It is amazing how food can take people to different corners of the planet to grow their talent. I was aware of the impressive number of local talent in the food industry working in different corners of the planet, yet would have never imagined to learn about the story of a Maltese chef working in the Swedish city of Strömstad. I came across Chef Vidal through some work he recently posted on a social media platform which encouraged me to contact him, and get to know his story better. His work is amazing and highlights his sense of creativity and eye for detail. During our conversation, Chef Vidal shared his journey in the world of food and what attracted him to the home of ABBA.
What attracted you to the world of food?
My connection with food started at a young age. I always enjoyed watching my dad making cakes for special family occasions in Canada. When we moved to Malta my dad started working at my uncle’s confectionary in Luqa, and after school and on weekends I always used to go and help him with pastries, cakes and making ravioli. That’s when I realised that I wanted to work in the food industry. At first my thoughts were to work solely with pastry, but after starting at the Institute of Tourism Studies I realised that I wanted to be a chef and work with all types of dishes along with pastry.
In what way did the Institute of Tourism Studies help you develop your culinary skills?
The Institute of Tourism Studies was a really good way to achieve my goals within the industry. If I was going to be a chef I knew that I wanted to get the proper knowledge
of the basics of cooking. A lot is learned in the restaurants and hotels that one works in, but I still believe that chef school is important to understand all the theory behind
cooking, and to do the practise how it is meant to be done. The school also gave me great opportunities to compete both in Malta and abroad.
What encouraged you to choose Sweden as your next destination?
It wasn’t a hard choice since my wife is Swedish, but of course being one of the best countries to live in didn’t do any harm either. What encouraged me also was that at the time I moved I was following certain food competitions, where Sweden were always around the top of the list of teams winning medals. When reading about certain restaurants I thought that the standards must be pretty high.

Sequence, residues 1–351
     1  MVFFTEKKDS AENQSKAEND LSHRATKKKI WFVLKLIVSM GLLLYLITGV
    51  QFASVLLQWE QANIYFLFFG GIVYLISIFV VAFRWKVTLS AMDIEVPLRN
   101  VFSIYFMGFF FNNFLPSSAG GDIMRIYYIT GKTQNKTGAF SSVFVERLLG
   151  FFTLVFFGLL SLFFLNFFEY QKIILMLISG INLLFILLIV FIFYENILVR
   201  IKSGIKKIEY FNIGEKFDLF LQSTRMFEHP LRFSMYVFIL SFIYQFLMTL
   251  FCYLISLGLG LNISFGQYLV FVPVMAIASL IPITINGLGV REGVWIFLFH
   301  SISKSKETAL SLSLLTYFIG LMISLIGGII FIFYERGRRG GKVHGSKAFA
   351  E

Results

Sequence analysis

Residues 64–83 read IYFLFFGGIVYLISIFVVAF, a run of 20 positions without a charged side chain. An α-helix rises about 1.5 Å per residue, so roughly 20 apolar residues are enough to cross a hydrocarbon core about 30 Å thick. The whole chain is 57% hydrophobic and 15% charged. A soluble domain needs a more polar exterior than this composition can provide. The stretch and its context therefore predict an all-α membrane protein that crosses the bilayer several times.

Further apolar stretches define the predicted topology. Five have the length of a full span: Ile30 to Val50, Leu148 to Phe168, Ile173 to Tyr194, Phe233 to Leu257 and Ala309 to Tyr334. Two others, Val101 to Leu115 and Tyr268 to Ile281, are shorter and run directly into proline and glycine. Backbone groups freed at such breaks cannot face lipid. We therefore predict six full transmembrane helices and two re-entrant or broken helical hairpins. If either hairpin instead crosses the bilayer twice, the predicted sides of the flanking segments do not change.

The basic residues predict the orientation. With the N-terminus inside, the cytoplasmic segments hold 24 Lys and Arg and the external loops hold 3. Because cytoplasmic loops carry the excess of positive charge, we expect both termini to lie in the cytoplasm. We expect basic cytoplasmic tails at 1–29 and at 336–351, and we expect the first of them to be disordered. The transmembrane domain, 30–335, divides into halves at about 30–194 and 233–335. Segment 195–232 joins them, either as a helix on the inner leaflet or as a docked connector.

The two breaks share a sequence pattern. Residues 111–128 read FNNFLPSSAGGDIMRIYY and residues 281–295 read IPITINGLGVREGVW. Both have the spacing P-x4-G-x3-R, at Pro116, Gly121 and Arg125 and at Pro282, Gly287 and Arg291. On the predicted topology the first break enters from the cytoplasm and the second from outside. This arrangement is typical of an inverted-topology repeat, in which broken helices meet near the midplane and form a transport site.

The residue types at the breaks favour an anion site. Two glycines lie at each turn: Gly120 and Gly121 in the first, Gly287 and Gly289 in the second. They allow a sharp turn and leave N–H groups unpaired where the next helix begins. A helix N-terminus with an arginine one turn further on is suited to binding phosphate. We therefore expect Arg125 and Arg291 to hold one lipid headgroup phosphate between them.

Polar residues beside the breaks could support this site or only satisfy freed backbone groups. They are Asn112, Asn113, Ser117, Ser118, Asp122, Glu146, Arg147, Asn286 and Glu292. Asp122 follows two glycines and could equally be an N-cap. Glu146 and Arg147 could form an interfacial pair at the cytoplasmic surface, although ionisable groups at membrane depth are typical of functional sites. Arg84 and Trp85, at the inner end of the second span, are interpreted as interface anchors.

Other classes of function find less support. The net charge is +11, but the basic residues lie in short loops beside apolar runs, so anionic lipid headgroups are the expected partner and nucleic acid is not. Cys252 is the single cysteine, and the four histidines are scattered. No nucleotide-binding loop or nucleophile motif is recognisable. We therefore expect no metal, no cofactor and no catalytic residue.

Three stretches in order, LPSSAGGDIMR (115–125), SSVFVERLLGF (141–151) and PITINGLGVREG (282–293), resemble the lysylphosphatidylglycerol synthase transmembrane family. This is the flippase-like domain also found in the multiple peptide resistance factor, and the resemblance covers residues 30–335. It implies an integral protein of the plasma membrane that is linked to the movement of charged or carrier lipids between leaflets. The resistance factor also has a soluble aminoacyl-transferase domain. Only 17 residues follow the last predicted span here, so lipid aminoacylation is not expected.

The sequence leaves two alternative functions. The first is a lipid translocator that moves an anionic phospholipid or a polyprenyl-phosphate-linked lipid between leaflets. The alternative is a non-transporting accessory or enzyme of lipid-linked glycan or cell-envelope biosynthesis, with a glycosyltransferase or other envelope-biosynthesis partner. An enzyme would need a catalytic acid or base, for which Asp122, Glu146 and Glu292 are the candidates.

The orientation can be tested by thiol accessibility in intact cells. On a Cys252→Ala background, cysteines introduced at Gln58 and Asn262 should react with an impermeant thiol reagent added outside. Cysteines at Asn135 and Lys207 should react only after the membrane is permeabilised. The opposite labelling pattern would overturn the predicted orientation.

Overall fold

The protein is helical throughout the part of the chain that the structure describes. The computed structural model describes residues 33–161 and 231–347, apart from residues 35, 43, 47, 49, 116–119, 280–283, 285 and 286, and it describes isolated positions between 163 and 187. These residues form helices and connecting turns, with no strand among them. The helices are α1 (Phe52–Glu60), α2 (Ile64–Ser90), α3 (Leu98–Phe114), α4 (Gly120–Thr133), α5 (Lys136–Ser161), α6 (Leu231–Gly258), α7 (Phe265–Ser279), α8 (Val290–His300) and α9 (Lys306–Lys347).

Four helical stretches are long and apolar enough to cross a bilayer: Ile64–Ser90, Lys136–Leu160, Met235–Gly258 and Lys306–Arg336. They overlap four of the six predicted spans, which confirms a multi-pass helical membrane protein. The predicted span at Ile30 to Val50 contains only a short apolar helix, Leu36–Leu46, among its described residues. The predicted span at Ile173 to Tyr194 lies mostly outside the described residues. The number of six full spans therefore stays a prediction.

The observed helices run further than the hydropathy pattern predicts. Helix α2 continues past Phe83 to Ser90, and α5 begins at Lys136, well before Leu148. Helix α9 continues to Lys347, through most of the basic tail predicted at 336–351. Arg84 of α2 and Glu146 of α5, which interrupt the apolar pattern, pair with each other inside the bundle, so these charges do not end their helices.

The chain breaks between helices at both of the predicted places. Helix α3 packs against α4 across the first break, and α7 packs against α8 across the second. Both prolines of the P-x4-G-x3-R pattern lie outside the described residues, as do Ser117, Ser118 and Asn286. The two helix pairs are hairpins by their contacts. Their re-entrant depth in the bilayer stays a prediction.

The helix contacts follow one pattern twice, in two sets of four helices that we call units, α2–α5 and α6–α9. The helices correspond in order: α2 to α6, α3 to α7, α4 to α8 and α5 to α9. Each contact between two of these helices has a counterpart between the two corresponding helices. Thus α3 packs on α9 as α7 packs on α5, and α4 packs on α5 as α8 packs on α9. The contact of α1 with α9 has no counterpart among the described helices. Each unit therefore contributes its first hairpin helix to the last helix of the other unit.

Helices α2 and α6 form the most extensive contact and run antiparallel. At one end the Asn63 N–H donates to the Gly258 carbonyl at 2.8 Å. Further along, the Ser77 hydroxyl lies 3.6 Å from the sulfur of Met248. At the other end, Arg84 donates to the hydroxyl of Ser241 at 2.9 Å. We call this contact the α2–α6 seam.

How would you describe your style of cooking?
My cooking tends to be Mediterranean with hints of Swedish cuisine. When I started to work in Sweden I was still choosing to cook Mediterranean food whenever I got the choice to decide what was to be cooked. But after a couple of years working here, I started to use more and more Swedish ingredients. I like to use different textures in my dishes as I think
that’s a very important part in cooking.
What are the major challenges of leaving your country to pursue a career abroad?
When I left Malta to work in Sweden I was a bit nervous. The first challenge which comes to mind is the language. I think it’s very important if you are planning to move to a different country is to try to understand and speak the native language. It makes life much easier. Another challenge was the cuisine. It’s important to keep your influences which you were brought up with, but to also keep an open mind and be able to adapt to different
types of cuisines and techniques which might not be so common in kitchens that you started out in.
Why is it important for local prospective chefs to look beyond local shores?
I don’t really think it’s important, as I believe that by staying in Malta you’re able to have a good career in the catering business. I would see it more as a way to see other things, and learn different stuff. It’s a good learning block to have, that you have seen and worked in different places. If anything I think the question of ‘why abroad instead of Malta’, would come down to working conditions.
In what way has the current young local talent in Malta and abroad helped to develop further the Maltese culinary industry?
Young chefs are the future for the culinary industry in Malta. It’s a bit of a hard question to answer from not living there, but from my recent visit I do think that Maltese pastry shops are keeping tradition, whilst at the same time looking at other things done abroad. For example, I visited Busy Bee in Mrieħel, it still keeps the traditional pastries that we are used to, but also has started to introduce new things seen more in pastry shops abroad. This is down to chefs wanting to develop something different, but also keeping the traditional. You should never forget where you come from.
How do your Maltese roots fit into your work?
I try to keep my Maltese roots in the flavours I use. I do like to use Scandinavian flavours and tend to use them also, but I fall back a lot on flavours from my childhood that I was brought up on. I think Maltese cuisine is underrated sometimes, the usual cuisines gets a lot of recognition from around the world, but Malta being a small country is usually looked past. I truly believe that we are just as good, and we should be proud of our cuisine.
What should we expect from David Vidal?
For me, the next thing this year will be doing courses around the world, which will probably continue onto next year. Mostly all around Europe, but also places like Indonesia and U.S.A. In between that, I’d like to maybe start writing a book and who knows, maybe one day open something of my own.
© 2019 – VIDA Magazine